Maybe Daphne Paloma Vasquez became one of your favorite television characters when Switched at Birth first aired in 2011 or maybe you’re just interested in learning a new language. Whatever the case, this 4-credit course will offer students the opportunity to learn basic sign language structure and vocabulary. Students will also learn about signing in context of psychology, socioeconomics and education within the U.S., as well as its worldwide history, interpreting it and manual communication systems as a whole. It also fulfills the humanities/fine arts baccalaureate experience section.
American Cinema (COM 260), Professors Lowell Harris, Don Guy and Dr. Gregg Bachman:
If you are always making film references, or you just want to learn more about film, then this 4-credit course might be right for you. There are five sections being offered this fall, but only twenty of 115 total seats are available if you are not either a film and media arts or communication major. So, don’t sleep in past your registration time if you hope to get one of these spots. The course will introduce students to the study of film in relation to American history and its cultural impact. Students will also learn through analysis of cinema. The course satisfies the humanities/fine arts and arts/aesthetics sections of the baccalaureate experience.
Acting I for Non-Majors (THR 204), professor TBA
In this 3-credit course students will experience the benefits of what is essentially a more eccentric public speaking class while getting a feel for life on the Falk Theatre stage. Students will work on traditional stage techniques, relaxation, observation and concentration skills through improvisation, monologues and scene work. Theatre majors should enroll in Acting I for Majors (THR 201) with Professor Finocchiaro instead. Both sections fulfill the art/aesthetics and studio/performance sections of the baccalaureate experience.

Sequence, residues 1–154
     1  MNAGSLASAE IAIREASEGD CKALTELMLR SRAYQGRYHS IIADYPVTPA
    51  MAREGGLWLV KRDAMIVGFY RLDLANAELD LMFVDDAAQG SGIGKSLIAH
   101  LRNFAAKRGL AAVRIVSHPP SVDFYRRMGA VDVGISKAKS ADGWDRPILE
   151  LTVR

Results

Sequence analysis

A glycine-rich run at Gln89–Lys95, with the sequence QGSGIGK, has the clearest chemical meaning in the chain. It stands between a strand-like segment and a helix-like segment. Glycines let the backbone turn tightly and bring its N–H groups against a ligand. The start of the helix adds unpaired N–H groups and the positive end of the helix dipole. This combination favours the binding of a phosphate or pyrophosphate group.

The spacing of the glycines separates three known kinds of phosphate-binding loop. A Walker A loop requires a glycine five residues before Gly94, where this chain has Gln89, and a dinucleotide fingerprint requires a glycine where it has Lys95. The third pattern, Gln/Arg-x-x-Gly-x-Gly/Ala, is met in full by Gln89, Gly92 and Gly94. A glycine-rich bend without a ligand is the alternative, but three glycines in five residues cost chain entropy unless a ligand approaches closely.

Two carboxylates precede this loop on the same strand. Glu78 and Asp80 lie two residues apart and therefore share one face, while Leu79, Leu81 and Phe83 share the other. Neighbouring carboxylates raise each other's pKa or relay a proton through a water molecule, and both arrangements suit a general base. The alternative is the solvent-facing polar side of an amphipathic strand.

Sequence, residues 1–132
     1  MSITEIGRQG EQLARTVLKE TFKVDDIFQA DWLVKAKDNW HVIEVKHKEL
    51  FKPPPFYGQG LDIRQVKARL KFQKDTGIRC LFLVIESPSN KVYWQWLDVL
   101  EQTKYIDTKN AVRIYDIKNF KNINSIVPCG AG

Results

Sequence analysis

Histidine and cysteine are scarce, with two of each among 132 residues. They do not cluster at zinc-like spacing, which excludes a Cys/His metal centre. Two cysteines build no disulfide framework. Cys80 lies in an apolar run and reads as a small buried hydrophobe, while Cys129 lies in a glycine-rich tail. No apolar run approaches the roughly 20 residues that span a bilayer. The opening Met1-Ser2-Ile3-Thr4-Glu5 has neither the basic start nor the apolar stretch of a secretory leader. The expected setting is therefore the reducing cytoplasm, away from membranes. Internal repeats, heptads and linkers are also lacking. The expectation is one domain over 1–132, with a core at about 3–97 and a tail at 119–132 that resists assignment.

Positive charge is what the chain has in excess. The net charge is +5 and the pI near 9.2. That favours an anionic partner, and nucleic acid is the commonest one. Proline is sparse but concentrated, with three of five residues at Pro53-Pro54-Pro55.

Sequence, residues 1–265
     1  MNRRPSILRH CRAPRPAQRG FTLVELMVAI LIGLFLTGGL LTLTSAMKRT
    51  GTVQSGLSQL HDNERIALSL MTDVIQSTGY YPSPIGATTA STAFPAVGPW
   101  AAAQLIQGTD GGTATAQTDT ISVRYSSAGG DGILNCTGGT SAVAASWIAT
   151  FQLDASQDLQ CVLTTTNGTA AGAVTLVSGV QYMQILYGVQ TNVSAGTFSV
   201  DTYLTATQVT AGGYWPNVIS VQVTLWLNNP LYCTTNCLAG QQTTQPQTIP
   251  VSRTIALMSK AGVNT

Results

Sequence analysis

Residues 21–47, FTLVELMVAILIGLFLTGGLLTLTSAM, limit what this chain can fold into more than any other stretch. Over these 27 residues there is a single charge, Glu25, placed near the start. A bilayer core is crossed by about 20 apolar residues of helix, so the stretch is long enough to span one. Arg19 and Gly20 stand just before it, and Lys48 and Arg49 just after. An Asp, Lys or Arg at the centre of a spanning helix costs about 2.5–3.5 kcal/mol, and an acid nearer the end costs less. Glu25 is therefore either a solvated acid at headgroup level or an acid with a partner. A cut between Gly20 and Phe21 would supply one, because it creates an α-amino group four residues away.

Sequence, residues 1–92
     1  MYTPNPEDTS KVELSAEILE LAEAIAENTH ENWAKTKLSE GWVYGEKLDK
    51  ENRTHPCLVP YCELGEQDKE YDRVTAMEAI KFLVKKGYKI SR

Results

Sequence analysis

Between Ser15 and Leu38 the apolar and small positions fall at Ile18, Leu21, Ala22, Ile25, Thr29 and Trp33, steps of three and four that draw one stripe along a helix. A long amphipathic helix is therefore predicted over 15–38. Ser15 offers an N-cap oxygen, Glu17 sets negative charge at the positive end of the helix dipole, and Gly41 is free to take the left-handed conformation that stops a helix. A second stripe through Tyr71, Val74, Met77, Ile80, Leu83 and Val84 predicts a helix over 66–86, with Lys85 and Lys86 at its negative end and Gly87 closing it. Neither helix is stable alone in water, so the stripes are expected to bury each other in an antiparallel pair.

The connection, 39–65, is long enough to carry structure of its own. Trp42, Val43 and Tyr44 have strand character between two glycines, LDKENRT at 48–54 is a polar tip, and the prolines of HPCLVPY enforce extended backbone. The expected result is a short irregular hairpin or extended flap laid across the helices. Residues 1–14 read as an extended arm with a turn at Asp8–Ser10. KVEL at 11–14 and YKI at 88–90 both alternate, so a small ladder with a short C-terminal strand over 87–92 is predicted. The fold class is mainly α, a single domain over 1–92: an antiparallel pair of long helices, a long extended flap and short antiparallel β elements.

The Philosophy of Sex (PHL 399), Dr. Steven Geisz:
This 4-credit course does require students to have taken a philosophy course or have permission of the instructor, but it is certainly unique in the UT curriculum. The course will center on the philosophical issues of gender, sexual orientation, desire, perversion, consent and other related topics. It will also allow for comparison and contrast of perceptions of sex and sexuality in different cultures. Additionally, it covers the humanities/fine arts and international/global sections of the baccalaureate experience.
Hitler and Stalin Honors (HISH 270), Professor Terry Parssinen:
For honors students looking to further their knowledge of two of the most powerful revolutionaries in the world (or to fulfill a requirement), consider taking Hitler and Stalin. The 4-credit course will delve into the motivations behind these leaders and what allowed for them to take power and keep it. This course will fulfill both an honors course requirement and a social science requirement of the baccalaureate experience.
“First, it focuses on the two evil men who were largely responsible for the misery visited on the world from the 1920s through the 1950s. Never in European history have so many persons, perhaps as many as 20 million, been killed as a result of the ambitions and unscrupulous actions of two men,” said Terry Parssinen, professor of history. “Second, it is an attempt to look at history through the lens of biography, lately a much-neglected methodology in history.”
Before signing up for any of these classes, check your registration time on Spartanweb and talk to your academic advisor.